The Nexus of Pop-Culture Fandom

Michael Myers slays once again in ‘Halloween’

Written by: Kimberly Pierce, CC2K Associate Editor

Much like their iconic and often indestructible main characters, slasher franchises like Halloween and Friday the 13th keep coming back for more. The formulas and characters change, but the general concept remains the same. This week, the now forty year old “Halloween” series brushes off the cobwebs to hit theaters once again. As we often find ourselves asking in this day and age, does this story really need to be told yet again?

Halloween opens forty years after the events of the first entry. All at once, things feel simplified and somewhat back to normal. It seems Michael Myers is being transferred to another mental facility… anyone with a knowledge of horror tropes understands, this isn’t going to go well. The film stars Jamie Lee Curtis, Judy Greer, Andi Matichak and Will Patton. David Gordon Green directs the movie from a script he co-wrote with Danny McBride and Jeff Fradley.

The film is a much hyped return to the initial continuity after the “Halloween” movies became a trifle… muddled… in its later years. The recognized series spanned 22 years and 8 features (not counting the two additional works from Rob Zombie in the late 2000’s). In the hands of Green and his creative team, they’ve put a fresh pair of eyes and a steadying hand on the lengthy and complicated series. Fans of the series as a whole will undoubtedly have their own opinions on some of the omissions, but such is the danger of digging up a popular, long-running and much-treasured horror franchise.

Facing a movie with Danny McBride’s name attached can often feels a bit like a game of Russian Roulette. It’s difficult to gauge quite what you’re going to get with his material. The quality wavers widely in his (usually!) “bro-ey” material. However, in their crafting of this script, the writing team brings a refreshing and timely take on the long-running franchise.

The “Final Girl” is a common trope in horror cinema. In fact, in her take on Laurie Strode in the initial 1978 film, Jamie Lee Curtis largely defined the caricature.  Rather than yet another examination of this, Halloween is far more invested in its female characters, particularly: Laurie, Karen (Judy Greer) and Allyson (Matichak). (The men are borderline useless). In choosing to bring back Laurie Strode for another go-around, the story walks an interesting tight-rope. The early scenes follow two podcasters constructing an exposé on Michael, and in their interactions with Laurie, the youngsters are quick to pigeon-hole the woman as “the victim”… or even the hunter and the hunted. This is seemingly backed-up by the hyper-paranoid existence she’s crafted for herself in the years following the attack. However, as the movie plays out, each of the women rises above any passivity to take actions into their own hands. (No Spoilers!). One thing is certain, Laurie’s ability to kick ass feels timely and is certainly satisfying in the scope of the narrative.

The redemption arc stands particularly strong with Allyson and Karen. A high-schooler, Allyson emerges as a more relatable image of a young woman than is often seen in Hollywood horror. She’s not a “nerd” and she’s not purely sexual. Allyson is a teenage girl with all the joy and pain which comes with it. Meanwhile, Karen faces the very real trauma resulting from her unconventional upbringing with her mother (Laurie). In a franchise often willing to break the bounds of believability, the arcs of the film’s main female characters are grounded in reality, allowing them to rise above previous, one-dimensional “Final Girls” to step out as interesting characters in their own right.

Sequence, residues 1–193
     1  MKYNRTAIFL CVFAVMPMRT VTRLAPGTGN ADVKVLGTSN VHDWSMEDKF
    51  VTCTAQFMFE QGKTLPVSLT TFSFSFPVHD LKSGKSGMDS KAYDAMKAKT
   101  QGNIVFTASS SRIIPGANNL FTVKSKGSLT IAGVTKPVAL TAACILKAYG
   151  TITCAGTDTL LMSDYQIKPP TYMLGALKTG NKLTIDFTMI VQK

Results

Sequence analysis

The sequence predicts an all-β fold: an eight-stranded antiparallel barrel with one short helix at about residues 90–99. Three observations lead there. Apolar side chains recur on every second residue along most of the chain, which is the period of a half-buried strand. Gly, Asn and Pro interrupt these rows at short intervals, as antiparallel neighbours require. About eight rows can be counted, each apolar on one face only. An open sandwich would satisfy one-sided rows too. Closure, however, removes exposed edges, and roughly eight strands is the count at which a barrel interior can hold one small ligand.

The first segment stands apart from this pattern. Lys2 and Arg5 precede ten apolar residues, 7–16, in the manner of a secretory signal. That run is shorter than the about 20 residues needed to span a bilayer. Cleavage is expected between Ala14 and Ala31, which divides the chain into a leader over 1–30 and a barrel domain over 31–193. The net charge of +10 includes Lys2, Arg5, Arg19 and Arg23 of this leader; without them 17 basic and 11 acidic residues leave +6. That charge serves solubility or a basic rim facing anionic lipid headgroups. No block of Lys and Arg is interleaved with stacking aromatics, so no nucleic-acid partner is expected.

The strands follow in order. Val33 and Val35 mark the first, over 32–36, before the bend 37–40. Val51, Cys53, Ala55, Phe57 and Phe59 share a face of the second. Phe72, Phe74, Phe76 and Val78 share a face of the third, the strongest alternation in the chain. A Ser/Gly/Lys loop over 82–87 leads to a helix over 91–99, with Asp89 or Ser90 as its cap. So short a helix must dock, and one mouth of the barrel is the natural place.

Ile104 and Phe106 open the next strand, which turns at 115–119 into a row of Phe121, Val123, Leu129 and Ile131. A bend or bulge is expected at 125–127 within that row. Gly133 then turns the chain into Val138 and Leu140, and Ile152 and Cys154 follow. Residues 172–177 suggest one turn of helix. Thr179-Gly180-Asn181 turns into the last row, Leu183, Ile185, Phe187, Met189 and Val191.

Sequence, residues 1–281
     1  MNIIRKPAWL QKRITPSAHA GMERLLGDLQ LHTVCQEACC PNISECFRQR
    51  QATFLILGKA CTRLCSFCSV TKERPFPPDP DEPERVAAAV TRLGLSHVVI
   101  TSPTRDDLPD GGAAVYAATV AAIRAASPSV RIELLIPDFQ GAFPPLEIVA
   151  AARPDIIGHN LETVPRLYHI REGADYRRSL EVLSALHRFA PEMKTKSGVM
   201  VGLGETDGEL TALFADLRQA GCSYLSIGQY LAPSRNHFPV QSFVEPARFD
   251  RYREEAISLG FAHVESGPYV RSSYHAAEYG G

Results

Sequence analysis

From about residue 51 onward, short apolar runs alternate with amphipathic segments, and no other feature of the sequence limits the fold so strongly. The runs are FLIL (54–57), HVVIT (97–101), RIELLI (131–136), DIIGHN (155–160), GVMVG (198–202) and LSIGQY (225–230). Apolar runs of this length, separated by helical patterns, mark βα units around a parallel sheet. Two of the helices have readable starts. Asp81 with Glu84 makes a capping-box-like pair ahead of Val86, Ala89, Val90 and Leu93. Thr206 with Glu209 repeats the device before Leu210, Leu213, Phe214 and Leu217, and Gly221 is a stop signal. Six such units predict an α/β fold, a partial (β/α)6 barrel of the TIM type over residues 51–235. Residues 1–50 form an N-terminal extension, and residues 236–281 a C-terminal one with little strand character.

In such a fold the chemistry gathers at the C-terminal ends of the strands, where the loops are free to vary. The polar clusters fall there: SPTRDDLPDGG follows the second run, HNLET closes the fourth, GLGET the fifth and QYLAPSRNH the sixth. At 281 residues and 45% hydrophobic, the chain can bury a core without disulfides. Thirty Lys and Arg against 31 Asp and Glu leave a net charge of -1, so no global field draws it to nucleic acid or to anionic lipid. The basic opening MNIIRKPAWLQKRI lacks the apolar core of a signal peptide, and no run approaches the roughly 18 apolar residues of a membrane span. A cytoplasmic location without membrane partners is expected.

Ultimately, Halloween takes a little bit to find its footing. The script is a little unsure where to go as things start out, introducing various characters and a number of different narrative threads before finally finding its focus into the second act.

It’s a slasher film, so it is not spoiling anything to say the body count is high. In fact, the first act’s focus struggles seem as a result of the violence… in a movie like this, characters need to die and it’s likely some of these people were created with the express intent of killing them. However, this technique is ultimately a success in that it keeps you on your toes with who dies. Characters you expect to potentially make it to the end don’t, and ones who you do get… Myers’d. Do with that information what you will…

Potential trigger warning in that the violence in Halloween is upped passed the point of traditional slasher levels. There are two deaths in particular which border on troubling for not only who the victims are, but also the amount of time they stay on the murders, making these two sequences harder to watch.

Halloween brings (likely thanks to McBride) a refreshing sense of humor, which makes this an absolute delight to watch with an audience. Young actor Jibrail Nantambu in particular shines for the voice he injects to an often thankless part. In his all to brief scene, he actually serves as a stand-in for the audience, saying what everyone is thinking in the face of outlandish content.

Finally, Halloween integrates fun references from the previous installments making for an entertaining viewing for franchise fans. The film is a love-letter to the early Halloween movies and it’s best that way.

Ultimately, Halloween is a slasher film, no more, no less. You aren’t getting a groundbreaking work of cinema here. However, this is a fun viewing (particularly with the right audience). Interesting character development, well-crafted scares and a sense of humor combine to make a perfectly serviceable feature and a welcomed addition to this lengthy franchise. Looking for something scary to check out this Halloween? Look no further than this movie.

Halloween opens in theaters around the country today.

Rating: 3 Stars out of 5